The Transportation Security Administration (TSA) acknowledges photography is permitted in and around airline security checkpoints as long as you’re not interfering with the screening process. TSA does ask that its security monitors not be photographed, though it is not clear whether they have any legal basis for such a restriction when the monitors are plainly viewable by the traveling public. TSA also warns that local or airport regulations may impose restrictions TSA does not. It is difficult to determine if any localities or airport authorities actually have such rules. If you are told you cannot take photographs in an airport you should ask what the legal authority for that rule is.

The California Digital Media Law Project
has a handy Q and A for specific scenarios.

“WHAT ARE YOU DOING?”

If a police officer says “What are you doing?” while remaining calm say “Officer, I’m not interfering. I’m asserting my First Amendment rights. You’re being documented and recorded offsite”. They might follow up by asking, “Who do you work for?”Tell them you’re an independent filmmaker or a citizen journalist with a website/blog/YouTube show. Whatever you say, don’t lie—but don’t let police trick you into thinking the First Amendment only applies to mainstream media journalists. It doesn’t.

The law in 38 states plainly allows citizens to record police, as long as you don’t physically interfere with their work. Twelve states—California, Connecticut, Florida, Illinois, Maryland, Massachusetts, Michigan, Montana, Nevada, New Hampshire, Pennsylvania, and Washington—require the consent of all parties for you to record a CONVERSATION. All but 2 —Massachusetts and Illinois—have an “expectation of privacy provision” to their all-party laws in which courts have ruled does not apply to on-duty police (or anyone in public). In other words, it’s technically legal in those 48 states to openly record on-duty police.

MIDDLE FINGER
Federal Appeals Court Judge Jeffrey Sutton “Giving the middle finger is protected under constitutional free-speech rights. Fits of rudeness or lack of gratitude may violate the Golden Rule, but that doesn’t make it illegal or for that matter punishable.”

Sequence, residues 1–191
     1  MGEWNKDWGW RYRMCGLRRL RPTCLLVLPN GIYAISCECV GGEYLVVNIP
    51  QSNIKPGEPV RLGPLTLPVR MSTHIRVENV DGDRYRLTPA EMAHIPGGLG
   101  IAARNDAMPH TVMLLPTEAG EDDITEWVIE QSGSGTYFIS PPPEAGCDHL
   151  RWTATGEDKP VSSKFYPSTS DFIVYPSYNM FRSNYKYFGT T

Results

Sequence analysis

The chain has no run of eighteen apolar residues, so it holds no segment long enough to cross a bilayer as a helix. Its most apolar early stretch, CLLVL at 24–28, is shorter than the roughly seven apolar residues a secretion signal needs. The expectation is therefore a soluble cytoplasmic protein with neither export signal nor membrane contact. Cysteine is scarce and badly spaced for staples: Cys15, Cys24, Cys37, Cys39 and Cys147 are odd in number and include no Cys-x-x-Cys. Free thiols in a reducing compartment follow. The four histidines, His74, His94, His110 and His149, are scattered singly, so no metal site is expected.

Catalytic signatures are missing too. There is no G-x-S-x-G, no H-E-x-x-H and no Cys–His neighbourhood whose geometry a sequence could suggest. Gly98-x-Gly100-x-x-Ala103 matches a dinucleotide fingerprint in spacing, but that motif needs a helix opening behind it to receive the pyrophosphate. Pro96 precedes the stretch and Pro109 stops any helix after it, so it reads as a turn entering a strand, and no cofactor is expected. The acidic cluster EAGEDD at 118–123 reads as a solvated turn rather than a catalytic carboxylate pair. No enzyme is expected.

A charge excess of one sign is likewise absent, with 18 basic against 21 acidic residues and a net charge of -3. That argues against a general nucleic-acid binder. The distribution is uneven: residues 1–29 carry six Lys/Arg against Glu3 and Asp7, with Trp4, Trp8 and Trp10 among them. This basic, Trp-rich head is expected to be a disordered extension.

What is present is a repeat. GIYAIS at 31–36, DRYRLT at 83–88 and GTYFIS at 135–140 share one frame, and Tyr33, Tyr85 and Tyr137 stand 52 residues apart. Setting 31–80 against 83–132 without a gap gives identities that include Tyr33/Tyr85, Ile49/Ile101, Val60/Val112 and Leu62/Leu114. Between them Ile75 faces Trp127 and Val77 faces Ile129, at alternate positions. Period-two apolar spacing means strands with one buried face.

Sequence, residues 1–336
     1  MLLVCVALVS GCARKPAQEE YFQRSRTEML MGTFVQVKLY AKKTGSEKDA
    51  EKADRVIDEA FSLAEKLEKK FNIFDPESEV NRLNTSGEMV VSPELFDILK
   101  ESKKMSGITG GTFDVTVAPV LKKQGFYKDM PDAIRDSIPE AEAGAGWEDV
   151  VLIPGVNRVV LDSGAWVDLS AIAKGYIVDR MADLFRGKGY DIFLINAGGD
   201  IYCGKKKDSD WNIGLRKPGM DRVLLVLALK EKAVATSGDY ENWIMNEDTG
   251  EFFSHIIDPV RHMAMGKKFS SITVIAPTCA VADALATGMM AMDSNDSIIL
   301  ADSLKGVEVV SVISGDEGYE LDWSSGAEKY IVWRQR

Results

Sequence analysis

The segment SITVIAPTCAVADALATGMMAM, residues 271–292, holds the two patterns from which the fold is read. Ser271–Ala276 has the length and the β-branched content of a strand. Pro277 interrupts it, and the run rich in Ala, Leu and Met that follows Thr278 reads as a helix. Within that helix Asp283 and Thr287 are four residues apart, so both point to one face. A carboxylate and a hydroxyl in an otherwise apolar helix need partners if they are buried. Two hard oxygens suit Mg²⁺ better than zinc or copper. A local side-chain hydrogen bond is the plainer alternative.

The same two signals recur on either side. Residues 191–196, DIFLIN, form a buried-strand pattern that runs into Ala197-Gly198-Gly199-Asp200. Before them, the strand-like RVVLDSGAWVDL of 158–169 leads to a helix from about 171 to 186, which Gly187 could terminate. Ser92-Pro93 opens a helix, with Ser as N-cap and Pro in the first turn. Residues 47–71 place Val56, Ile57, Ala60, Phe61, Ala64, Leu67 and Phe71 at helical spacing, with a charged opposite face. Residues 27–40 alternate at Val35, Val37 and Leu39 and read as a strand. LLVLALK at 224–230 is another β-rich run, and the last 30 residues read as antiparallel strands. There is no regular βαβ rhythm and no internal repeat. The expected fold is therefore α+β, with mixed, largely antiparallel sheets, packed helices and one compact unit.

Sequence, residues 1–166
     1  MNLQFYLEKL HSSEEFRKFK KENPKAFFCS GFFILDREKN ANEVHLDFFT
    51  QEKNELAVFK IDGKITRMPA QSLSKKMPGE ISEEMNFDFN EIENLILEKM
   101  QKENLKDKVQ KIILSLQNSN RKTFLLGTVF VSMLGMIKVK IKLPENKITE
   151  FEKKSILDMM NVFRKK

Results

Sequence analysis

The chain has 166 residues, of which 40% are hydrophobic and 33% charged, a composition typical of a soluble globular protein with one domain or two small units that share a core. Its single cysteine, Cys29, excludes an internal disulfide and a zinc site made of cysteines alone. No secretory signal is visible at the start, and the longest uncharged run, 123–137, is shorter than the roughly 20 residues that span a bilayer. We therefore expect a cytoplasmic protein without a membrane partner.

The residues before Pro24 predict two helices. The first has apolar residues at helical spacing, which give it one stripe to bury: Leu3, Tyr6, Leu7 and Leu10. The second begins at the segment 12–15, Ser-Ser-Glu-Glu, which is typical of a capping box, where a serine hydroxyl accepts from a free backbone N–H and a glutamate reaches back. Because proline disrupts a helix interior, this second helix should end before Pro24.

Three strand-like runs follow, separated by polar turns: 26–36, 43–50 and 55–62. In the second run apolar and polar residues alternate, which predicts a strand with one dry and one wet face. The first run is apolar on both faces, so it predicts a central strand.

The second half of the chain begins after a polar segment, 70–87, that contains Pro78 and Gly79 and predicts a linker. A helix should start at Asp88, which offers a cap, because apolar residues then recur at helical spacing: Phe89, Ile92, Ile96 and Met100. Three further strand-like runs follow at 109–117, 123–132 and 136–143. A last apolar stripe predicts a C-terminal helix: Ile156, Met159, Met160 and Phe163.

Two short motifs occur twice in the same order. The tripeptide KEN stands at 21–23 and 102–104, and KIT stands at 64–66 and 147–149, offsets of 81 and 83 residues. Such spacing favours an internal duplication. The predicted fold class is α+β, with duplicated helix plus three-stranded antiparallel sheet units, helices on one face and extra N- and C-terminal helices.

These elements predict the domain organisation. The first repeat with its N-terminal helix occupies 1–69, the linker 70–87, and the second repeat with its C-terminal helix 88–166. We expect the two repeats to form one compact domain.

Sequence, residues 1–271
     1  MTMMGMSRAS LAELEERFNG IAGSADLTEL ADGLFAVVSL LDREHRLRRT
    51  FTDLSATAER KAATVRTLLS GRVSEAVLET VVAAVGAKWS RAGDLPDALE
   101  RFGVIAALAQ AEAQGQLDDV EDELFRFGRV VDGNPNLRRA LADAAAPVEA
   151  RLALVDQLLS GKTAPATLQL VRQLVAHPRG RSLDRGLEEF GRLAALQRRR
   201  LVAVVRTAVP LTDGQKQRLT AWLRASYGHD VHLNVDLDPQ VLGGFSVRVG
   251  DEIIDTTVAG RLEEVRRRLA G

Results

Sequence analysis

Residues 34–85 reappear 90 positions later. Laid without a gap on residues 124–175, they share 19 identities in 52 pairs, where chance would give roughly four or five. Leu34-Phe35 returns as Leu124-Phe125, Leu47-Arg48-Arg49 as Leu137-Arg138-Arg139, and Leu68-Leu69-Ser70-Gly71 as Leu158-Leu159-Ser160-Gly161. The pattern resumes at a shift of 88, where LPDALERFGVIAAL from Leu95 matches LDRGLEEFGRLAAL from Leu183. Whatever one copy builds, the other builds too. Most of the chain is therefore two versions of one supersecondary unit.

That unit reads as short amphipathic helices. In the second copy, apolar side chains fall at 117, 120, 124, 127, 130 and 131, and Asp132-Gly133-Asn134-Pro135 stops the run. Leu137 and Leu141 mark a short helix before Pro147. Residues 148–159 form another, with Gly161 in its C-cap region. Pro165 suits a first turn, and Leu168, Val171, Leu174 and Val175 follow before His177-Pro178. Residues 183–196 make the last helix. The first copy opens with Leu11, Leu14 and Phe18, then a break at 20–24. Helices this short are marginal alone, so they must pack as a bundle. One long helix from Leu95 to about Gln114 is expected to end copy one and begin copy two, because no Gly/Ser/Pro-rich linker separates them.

PLEASE NOTE: A person is guilty of obstructing governmental administration when he intentionally obstructs, impairs or perverts the administration of law or other governmental function, or prevents or attempts to prevent a public servant from performing an official function, by means of intimidation, physical force or interference, or by means of any independently unlawful act.

PLEASE NOTE: Wording and interpretation by state, county or city may vary and a substantial allegation furnishing identity at the time of a stop would give police a link in the chain of evidence needed to convict the individual of a separate offense.

VIDEOTAPING ON FEDERAL PROPERTY
If protective service officers harass you while filming on federal property, you may remind them of a recently issued directive informing them that there’s NO PROHIBITION AGAINST PUBLIC PHOTOGRAPHY AT FEDERAL BUILDINGS.
HOMELAND SECURITY BULLETIN ON PHOTOGRAPHERS AND FEDERAL BUILDINGS
http://www.photoattorney.com/wp-content/uploads/2011/02/Photographing-the-Exterior-of-Federal-Buildings.pdf

HOMES
The Fourth Amendment of the US Constitution specifically mentions “houses” as a place where persons have a right “to be secure against unreasonable searches and seizures.” By placing ANY part of his body inside the house without consent the officer has already illegally entered the home in a manner considered unlawful.

Private residences enjoy the highest levels of Fourth Amendment protection against governmental intrusion. “The Fourth Amendment protects an individual’s privacy in a variety of settings. In none is the zone of privacy more clearly defined than when bounded by the unambiguous physical dimensions of an individual’s home.” (Payton v. New York)

Unlawful entry by police is considered a violation of tort laws in accordance to trespassing regulations. Trespassing regulations can occur to a person, to a chattel or personal property, and to land. Unlawful entry is considered to fall within the trespass to land category. Unlawful entry can therefore be defined as an intentional action to violate the rights of person over his/her real property. For an investigation to turn into a search, a court must conclude the investigation impinged or intruded upon a person’s “legitimate expectation of privacy.” Law enforcement agencies must apply for a search warrant before conducting a search of the person or premise in issue. If any search is conducted in the absence of a search warrant, it is presumed to be unreasonable and will be considered an illegal search.